Lungfish tooth plates (Sarcopterygii, Dipnoi) from the Late Cretaceous (Santonian) Eutaw Formation of Alabama and Mississippi, USA
Published online by Cambridge University Press: 26 December 2018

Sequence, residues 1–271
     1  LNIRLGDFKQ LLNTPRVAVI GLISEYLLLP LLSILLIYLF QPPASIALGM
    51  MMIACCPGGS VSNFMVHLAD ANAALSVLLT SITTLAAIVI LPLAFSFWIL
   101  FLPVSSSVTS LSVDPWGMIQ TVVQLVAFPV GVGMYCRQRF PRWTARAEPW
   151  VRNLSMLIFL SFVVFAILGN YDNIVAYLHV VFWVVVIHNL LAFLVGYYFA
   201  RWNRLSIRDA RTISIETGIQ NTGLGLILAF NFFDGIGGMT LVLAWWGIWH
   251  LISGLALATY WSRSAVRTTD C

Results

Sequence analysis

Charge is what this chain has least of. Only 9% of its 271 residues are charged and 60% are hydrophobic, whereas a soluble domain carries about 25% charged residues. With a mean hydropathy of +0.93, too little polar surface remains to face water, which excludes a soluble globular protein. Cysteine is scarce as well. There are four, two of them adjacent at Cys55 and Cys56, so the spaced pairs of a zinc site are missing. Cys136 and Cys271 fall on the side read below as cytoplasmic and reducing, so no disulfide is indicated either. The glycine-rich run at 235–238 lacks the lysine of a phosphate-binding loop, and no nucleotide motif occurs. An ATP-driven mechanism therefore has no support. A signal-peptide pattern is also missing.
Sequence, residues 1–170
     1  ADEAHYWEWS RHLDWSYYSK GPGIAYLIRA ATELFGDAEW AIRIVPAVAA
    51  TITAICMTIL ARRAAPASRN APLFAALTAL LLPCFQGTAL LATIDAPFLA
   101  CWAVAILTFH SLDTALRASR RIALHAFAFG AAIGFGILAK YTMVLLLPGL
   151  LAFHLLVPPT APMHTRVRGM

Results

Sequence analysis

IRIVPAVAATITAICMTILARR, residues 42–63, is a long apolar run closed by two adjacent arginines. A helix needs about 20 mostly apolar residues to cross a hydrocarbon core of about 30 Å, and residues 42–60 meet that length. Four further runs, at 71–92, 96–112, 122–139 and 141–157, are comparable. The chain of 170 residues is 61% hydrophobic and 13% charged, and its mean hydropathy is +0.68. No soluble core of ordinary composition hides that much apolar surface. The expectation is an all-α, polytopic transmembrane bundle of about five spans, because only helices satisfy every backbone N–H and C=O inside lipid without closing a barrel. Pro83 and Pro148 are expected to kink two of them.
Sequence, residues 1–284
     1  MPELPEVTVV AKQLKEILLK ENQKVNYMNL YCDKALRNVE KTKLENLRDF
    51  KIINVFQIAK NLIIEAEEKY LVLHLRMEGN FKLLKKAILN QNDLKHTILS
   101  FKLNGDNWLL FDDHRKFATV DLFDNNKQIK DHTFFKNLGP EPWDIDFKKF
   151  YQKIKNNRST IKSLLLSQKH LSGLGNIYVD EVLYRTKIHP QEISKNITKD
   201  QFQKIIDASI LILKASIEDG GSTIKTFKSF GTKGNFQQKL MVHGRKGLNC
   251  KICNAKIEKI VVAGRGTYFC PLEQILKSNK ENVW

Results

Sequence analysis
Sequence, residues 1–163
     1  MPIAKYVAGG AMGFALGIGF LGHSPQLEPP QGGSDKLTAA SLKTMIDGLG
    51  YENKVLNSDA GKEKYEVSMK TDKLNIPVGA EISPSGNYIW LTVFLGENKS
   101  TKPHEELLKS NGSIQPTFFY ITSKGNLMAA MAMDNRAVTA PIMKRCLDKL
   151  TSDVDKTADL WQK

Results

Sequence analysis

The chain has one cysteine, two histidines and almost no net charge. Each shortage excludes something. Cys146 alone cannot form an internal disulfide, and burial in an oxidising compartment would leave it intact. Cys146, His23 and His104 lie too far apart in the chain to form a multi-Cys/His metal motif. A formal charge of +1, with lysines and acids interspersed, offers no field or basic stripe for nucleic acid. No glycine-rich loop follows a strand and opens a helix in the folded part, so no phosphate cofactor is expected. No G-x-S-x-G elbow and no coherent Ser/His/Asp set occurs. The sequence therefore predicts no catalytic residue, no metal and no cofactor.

Lungfish are a poorly represented component of the Mesozoic fossil record in North America, as most lungfish fossils consist of rare, isolated dental plates that are of little diagnostic value due to their conservative nature. In eastern North America, the paucity of lungfish fossils in Late Cretaceous strata is further compounded by the occurrence of geologic units that are primarily marine in origin, unlike the Late Jurassic to mid-Cretaceous fluvial deposits of the American west that contain comparatively more specimens. Lungfish fossils from the eastern side of the Late Cretaceous Western Interior Seaway (Appalachia) have previously been reported from the Cenomanian Woodbine Formation of northeast Texas and the Campanian Mount Laurel Formation of New Jersey. Here we report two new occurrences of eastern North American lungfish tooth plates from the Santonian Eutaw Formation of Alabama and Mississippi. These two specimens are referred to Ceratodus frazieri Ostrom, 1970 and Ceratodus carteri Main et al., 2014, species that are better known from the mid-Cretaceous of the Western Interior of North America. This discovery is the first published record of lungfish of any age from the states of Alabama and Mississippi. It partially bridges the temporal gap in the fossil record between the Cenomanian lungfish of Texas and the Campanian lungfish of New Jersey and extends the biogeographic range of Late Cretaceous lungfish to the eastern Gulf Coastal Plain of the United States.
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